Located on the European side, along the Sea of Marmara, very outside of the city center, and bordering Tekirdağ Province, Silivri is one of Istanbul’s 39 districts and it consists of 8 neighborhoods and 18 villages. The share of Silivri population within the total of Istanbul is about %1. Still, Silivri is more populated than Şile, Çatalca or Adalar districts. On the other hand Silivri becomes one of the most populated districts of Istanbul during the summer times. It has 45km long coast and this makes Silivri one of the popular summer resort for Istanbulites.
For those who knows Silivri’s today appearance, what I’m going to write next may sound funny however the fact that Silivri held its importance in every era of history thanks to its natural harbor and location. It’s foundation dates back ancient times. First captured by Greeks then Persians occupied it from Greek hands. In some part of era even Spartans captured the town. Eventually Silivri found its peace under the Byzantines. Many historians say that Silivri had a special place in the heart of Emperor Justinian I and during his reign Silivri had its best times. Numerous mulberry trees planted, sericulture began, and wine became an important economy. In short, the town got wealthy.
The area of Silivri stayed under the Byzantine rule until Constantinople’s fall to Ottomans in 1453. The peace in Silivri continued under Byzantine in the era of the Ottomans but ended eventually when the time came to First Balkan War. Bulgarian army occupied Silivri for 9 months. Then, the Greeks occupied the city in 20th July 1920. They ruled the area for 2 years and then retreated from Silivri after Mudanya Armistice was signed. The Turks recaptured the area on 1st November 1922.
Despite having a rich history, there’s almost no historical building within the district. There are two main reasons behind. First, Silivri had suffered from the big earthquake in 1509 which was later named as “Minor Doomsday” and razed completely. This repeated itself a few times more. Secondly, the necessary importance has not been given. So, the remaining after the earthquakes were destructed by occupations, by human beings.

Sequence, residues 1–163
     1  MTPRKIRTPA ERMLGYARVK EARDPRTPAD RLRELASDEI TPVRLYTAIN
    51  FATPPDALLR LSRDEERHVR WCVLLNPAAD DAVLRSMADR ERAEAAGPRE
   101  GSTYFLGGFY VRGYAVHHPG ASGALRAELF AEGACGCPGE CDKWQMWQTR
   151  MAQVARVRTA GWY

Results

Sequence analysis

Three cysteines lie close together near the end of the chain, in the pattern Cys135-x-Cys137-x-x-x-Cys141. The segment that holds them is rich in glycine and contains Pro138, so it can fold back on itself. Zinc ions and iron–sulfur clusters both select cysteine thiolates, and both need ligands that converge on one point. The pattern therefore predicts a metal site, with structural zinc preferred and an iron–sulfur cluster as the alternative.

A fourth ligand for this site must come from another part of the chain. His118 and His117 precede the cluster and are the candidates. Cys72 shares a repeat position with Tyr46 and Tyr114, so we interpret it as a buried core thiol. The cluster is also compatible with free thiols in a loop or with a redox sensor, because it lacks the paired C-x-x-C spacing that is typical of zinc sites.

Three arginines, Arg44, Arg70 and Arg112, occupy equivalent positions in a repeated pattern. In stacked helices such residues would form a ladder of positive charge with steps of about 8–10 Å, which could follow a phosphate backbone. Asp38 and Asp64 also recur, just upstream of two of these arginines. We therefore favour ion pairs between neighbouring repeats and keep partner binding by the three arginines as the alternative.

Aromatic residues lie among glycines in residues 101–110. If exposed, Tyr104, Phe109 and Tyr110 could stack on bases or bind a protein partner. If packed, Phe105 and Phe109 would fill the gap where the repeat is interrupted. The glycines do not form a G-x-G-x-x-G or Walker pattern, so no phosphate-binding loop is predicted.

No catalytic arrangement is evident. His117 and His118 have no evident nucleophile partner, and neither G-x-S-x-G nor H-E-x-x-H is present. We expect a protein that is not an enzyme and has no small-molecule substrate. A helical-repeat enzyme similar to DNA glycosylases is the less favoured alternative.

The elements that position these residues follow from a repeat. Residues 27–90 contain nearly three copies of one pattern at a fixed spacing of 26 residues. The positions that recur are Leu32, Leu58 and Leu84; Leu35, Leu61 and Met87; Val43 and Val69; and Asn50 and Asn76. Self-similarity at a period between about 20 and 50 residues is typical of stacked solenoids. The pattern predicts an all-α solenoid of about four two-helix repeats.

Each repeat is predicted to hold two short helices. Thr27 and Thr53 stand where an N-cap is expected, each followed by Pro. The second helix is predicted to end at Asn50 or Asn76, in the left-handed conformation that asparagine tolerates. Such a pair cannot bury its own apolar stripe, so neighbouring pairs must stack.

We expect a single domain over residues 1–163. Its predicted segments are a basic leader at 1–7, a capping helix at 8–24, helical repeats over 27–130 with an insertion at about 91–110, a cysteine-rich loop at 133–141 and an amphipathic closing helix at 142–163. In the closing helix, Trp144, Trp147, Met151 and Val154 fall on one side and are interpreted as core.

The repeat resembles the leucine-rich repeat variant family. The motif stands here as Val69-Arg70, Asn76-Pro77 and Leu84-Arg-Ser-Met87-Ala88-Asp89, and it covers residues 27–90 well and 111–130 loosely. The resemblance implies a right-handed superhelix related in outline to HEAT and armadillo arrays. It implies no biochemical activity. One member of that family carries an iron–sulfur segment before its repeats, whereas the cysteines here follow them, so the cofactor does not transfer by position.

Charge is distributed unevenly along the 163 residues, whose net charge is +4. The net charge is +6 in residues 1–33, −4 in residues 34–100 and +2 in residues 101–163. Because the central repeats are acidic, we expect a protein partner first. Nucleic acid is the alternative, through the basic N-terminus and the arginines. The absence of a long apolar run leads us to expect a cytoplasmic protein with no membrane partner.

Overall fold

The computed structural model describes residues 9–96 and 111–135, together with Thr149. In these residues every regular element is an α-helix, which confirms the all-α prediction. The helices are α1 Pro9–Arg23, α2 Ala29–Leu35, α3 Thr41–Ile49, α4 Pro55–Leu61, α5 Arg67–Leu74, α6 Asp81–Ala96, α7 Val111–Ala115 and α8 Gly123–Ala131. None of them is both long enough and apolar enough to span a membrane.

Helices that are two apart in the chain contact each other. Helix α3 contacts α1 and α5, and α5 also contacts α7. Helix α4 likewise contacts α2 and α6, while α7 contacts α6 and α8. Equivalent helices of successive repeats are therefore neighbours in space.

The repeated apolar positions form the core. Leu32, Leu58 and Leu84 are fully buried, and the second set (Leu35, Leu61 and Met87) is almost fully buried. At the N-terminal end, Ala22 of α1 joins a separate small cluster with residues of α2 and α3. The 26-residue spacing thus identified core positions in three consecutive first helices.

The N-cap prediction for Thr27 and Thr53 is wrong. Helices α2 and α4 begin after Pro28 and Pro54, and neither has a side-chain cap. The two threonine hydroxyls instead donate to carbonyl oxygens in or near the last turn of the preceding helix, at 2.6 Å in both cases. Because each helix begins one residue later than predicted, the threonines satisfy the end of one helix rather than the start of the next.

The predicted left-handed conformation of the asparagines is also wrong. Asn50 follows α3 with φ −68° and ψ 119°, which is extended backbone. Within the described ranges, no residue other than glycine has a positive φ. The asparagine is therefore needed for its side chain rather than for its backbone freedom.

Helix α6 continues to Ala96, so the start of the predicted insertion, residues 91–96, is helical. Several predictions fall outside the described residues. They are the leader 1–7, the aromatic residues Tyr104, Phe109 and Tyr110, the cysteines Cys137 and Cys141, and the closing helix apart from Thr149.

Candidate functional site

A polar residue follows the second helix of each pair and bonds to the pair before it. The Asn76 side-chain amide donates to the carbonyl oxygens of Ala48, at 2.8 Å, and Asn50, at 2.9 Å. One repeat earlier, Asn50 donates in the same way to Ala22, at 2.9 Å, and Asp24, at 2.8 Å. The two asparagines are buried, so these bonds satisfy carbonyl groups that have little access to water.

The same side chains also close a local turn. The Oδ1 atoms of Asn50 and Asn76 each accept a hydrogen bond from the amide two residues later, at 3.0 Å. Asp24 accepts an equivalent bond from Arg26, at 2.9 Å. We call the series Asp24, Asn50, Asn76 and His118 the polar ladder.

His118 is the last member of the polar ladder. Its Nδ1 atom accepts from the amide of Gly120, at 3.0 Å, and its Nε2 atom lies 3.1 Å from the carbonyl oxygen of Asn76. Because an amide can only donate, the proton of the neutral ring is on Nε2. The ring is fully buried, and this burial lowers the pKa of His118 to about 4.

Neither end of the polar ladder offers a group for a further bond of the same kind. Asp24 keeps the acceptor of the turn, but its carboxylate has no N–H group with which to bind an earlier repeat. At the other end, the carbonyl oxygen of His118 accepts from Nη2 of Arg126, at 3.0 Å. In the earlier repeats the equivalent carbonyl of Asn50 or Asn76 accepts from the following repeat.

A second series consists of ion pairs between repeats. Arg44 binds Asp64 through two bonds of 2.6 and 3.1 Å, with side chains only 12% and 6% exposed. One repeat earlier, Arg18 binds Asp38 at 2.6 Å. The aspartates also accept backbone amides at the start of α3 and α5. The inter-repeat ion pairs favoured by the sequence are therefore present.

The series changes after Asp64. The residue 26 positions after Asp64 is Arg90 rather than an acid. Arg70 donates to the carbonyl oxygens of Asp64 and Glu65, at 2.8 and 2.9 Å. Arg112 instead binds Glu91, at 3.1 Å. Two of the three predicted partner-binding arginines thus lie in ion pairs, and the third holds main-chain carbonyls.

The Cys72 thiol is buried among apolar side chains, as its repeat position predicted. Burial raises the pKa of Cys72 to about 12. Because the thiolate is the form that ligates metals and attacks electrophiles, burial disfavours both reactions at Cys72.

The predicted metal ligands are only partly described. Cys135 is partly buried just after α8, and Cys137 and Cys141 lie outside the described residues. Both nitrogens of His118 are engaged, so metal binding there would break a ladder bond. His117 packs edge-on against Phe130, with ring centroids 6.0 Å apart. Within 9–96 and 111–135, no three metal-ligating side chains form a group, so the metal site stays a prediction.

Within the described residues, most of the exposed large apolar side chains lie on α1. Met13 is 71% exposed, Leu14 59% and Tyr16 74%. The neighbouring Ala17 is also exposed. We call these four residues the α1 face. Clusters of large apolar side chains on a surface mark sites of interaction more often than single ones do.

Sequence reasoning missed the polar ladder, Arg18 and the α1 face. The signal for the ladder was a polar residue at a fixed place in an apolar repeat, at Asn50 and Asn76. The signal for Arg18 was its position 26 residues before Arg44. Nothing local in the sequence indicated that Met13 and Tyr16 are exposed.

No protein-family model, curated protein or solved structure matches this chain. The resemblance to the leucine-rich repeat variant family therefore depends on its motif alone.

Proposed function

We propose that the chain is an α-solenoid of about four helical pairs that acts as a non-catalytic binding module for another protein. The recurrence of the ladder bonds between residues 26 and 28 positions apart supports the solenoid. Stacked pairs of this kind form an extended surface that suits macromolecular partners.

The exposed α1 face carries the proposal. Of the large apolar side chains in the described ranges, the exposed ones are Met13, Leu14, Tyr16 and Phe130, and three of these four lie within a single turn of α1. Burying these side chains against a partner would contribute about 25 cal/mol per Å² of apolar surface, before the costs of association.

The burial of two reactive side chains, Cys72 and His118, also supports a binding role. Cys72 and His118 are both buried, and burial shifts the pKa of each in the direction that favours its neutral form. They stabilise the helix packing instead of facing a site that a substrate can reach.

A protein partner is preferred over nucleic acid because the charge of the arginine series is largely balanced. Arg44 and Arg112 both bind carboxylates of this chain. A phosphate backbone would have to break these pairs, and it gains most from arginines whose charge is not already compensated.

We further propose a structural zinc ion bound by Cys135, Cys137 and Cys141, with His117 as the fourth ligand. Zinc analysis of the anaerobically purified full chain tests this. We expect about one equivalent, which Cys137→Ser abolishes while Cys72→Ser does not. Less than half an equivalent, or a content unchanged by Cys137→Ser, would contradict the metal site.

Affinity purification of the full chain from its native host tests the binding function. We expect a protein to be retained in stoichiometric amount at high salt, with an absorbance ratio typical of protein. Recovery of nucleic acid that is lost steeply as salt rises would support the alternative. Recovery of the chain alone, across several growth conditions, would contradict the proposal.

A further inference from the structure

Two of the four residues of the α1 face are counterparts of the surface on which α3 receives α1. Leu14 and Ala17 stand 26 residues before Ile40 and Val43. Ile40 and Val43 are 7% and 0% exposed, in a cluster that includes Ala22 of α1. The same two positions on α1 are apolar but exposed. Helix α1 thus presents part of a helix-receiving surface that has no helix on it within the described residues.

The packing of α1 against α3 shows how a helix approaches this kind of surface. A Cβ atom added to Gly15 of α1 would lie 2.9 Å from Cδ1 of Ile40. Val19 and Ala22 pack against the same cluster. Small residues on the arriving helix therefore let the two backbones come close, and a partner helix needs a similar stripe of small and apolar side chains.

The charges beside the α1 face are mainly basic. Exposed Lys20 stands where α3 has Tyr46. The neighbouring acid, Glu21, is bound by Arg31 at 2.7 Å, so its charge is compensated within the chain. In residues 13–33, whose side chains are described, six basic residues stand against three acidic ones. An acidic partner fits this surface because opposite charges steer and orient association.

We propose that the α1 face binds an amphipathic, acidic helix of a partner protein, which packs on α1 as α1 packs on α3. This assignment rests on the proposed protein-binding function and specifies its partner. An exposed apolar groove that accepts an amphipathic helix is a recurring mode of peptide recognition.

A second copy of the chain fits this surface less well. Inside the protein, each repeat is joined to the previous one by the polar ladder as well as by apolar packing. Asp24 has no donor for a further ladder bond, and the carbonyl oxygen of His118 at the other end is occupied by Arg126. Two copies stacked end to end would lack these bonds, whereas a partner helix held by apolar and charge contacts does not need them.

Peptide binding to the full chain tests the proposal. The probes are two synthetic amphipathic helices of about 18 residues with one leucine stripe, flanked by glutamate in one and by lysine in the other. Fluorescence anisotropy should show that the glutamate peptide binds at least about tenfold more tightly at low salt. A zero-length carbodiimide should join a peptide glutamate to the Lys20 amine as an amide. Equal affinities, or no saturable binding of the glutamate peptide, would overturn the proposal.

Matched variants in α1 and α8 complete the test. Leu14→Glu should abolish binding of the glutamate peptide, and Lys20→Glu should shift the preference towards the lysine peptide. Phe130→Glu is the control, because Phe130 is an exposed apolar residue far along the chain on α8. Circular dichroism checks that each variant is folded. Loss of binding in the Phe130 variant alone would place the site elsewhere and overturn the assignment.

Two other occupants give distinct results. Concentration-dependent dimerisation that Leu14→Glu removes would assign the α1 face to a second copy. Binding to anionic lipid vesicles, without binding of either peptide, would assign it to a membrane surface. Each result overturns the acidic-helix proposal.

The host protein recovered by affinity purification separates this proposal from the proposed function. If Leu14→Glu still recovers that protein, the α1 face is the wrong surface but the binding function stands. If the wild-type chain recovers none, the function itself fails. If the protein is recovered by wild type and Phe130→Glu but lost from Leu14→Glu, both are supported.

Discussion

After occupations Silivri has never developed as a commercial nor residential area due to its location. – Even it takes almost one and half hour to arrive to Silivri from city center nowadays – Eventually it started to serve as a summer resort for the Istanbulites. This is also the reason why the district has a little to offer. Nothing more than cinemas, shopping malls, a few pubs, cafes and parks… That’s it! On the other hand expecting such urban areas from Silivri is disrespectful itself. In the fertile of lands of Silivri wheat has been planted, sunflower has been planted or it was barley… Fruit rarely grown in here however melon of Silivri is very famous in Turkey. By the way there were lots of vineyards here until 1970s.
When one talks about Silivri, the first thing comes to mind is Silivri’s yoghurt which was produced in the previous years. It was said that usually Bosnians and Albanians were wandering around the streets, carrying very big yoghurt trays, sometimes shouting “Silivri’s yoghurt” and sometimes playing songs with their small instruments or singing their songs in order to show people that they were there. If someone wanted to buy, they would have bought a little at one time because there were not many fridges and yoghurt was food that easy to spoil. As I said the tradition is over. However, Silivri Municipality still organizes a “Yoghurt Festival” every year. The first one was organized in July, 1962.
1970s and 80s were times that Silivri had its finest times. Imagine that the water was very clean and people were enjoying it for free. People could freely lie on the beach, play guitars, sing, walk on the beach under the moonlight or watch moonlight. Everything changed very fast and they all became a thing in the past. The resort hotels and country clubs with sport facilities occupied its coast. Some people started to ask entrance fee to the beach or even some of them had a signs saying “It belongs to the hotel” on them. In addition to the industrialization is there any possibility that the water remain still as clean as in the past? Well, the answer is no but it is not really important because with all this development it is hard to find a stretch of open coastline.
There’s no way to end Silivri article without saying something about Anastasian Wall. Known as the Long Walls of Thrace, Anastasian Wall was constructed by Byzantine emperor Anastasisus I as part of additional outer defense system for Constantinople during the 5th century and probably was in use until the 7th century. It lies 65 km west of Istanbul and stretches from the Black Sea coast across the peninsula to the coast of the Sea of Marmara to the west of Silivri. Anastasian Wall is the most famous wall of antiquity in Europe together with Hadrian’s Wall in Britain.
Photo Credits: Farhan Yaumal